It is in regard to idolatry that cutting oneself as an act of mourning and branding/tattooing oneself had its major significance in terms of the Law's prohibition.  But I would suggest that the practices themselves are contrary to nature as ordained by God (cf. 1Cor.11:14).  That fact, coupled with their association with godless heathen practices would have made them things a follower of the Lord would naturally want to stay away from.  The specific prohibition of the Law put the matter beyond all doubt for those living under the Law. 

It can be argued that under the New Covenant of grace we are no longer under the Law of Moses, and that is certainly true.  But that does not mean, of course, that we are therefore free to do whatever we wish.  If we accept that God has made us a certain way, then should we not at the very least exercise extreme caution and circumspection in arbitrarily undertaking to change the way He made us (as "nature itself" should tell us: 1Cor.11:14)?   This is a principle that has application beyond the question of tattoos. 

I understand what you are saying about wanting to "answer" the negatives you see, but there is a right time and place for such responses, and a right way too (and that right way is not always to answer in kind).  Ultimately, all of us who win the victory of faith in this life will have the mark of God (Rev.3:12), but that mark will be given by God and will be on our eternal bodies.  Believers are never told or encouraged by the Bible to mark themselves here in this world.  On the contrary, the most famous mark that the inhabitants of the world will take upon themselves is the "mark of the beast", and that particular tattoo will be an indication of their total and irrevocable rejection of God (Rev.13:11-18).  Since antichrist will be a pseudo-Messiah, superficially imitating Christ and proclaiming himself to be Christ, it is not beyond the realm of possibility that this mark will entail seemingly Christian or pseudo-Christian or quasi-Christian symbolism.  It will not for that reason, however, be truly Christian - exactly the opposite in fact.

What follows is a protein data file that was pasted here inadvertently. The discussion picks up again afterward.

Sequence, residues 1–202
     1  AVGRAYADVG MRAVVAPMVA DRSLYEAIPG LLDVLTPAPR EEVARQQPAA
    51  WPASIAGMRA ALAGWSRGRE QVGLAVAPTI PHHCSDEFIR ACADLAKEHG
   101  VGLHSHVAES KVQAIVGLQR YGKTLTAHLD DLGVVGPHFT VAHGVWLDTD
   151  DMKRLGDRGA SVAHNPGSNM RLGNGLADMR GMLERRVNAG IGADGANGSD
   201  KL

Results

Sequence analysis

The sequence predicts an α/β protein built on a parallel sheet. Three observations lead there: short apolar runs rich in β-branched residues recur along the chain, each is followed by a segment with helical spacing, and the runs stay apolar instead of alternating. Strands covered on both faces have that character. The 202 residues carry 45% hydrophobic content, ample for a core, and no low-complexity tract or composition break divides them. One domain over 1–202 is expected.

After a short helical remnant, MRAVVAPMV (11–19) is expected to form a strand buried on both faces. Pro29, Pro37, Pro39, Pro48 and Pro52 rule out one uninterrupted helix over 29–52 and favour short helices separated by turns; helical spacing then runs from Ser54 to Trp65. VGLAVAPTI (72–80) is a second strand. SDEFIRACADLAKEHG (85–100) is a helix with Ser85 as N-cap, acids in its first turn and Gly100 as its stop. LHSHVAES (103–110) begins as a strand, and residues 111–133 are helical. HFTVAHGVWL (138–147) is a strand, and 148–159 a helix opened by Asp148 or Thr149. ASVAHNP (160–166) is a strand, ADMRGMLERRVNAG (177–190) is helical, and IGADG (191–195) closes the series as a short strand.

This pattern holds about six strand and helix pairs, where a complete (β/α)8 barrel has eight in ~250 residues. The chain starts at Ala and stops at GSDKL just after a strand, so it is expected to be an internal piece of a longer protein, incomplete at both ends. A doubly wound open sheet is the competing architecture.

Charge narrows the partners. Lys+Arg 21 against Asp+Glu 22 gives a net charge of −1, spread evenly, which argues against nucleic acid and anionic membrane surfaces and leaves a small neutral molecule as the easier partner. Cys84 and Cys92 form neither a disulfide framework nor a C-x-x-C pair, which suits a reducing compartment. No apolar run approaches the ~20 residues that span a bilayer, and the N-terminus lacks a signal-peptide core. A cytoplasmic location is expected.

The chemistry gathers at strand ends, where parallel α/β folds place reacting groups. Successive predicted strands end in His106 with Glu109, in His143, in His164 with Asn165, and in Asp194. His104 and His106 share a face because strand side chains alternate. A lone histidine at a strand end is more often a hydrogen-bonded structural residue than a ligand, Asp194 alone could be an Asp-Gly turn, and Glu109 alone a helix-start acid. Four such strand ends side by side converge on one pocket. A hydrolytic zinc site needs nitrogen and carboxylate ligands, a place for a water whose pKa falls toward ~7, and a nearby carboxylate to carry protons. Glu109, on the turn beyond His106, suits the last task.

Jesus told us to "let our light shine" before our fellow men, so that by our deeds they would recognize the power of His love and of His truth (Matt.5:14-16).  That seems to me to be the best policy for anyone wanting to counter the influence of evil and advance the cause of Jesus Christ.  Rather than taking a symbol onto your body or wearing a crucifix around your neck or putting a bumper sticker on your car - all of which things can mean different things to different people - I would encourage you pick up your cross every day and walk in a manner pleasing to Jesus Christ.  That will be something which no one can misinterpret.  By so doing, there will be no question but that you have the Word of God within you, no matter what your outward appearance may be. 

Here are some other e-mail responses that deal with this question and which may be of some help: 

    Three questions about tattoos and salvation 

    Are tattoos biblical? 

Yours in our Lord and Savior Jesus Christ, 

Bob Luginbill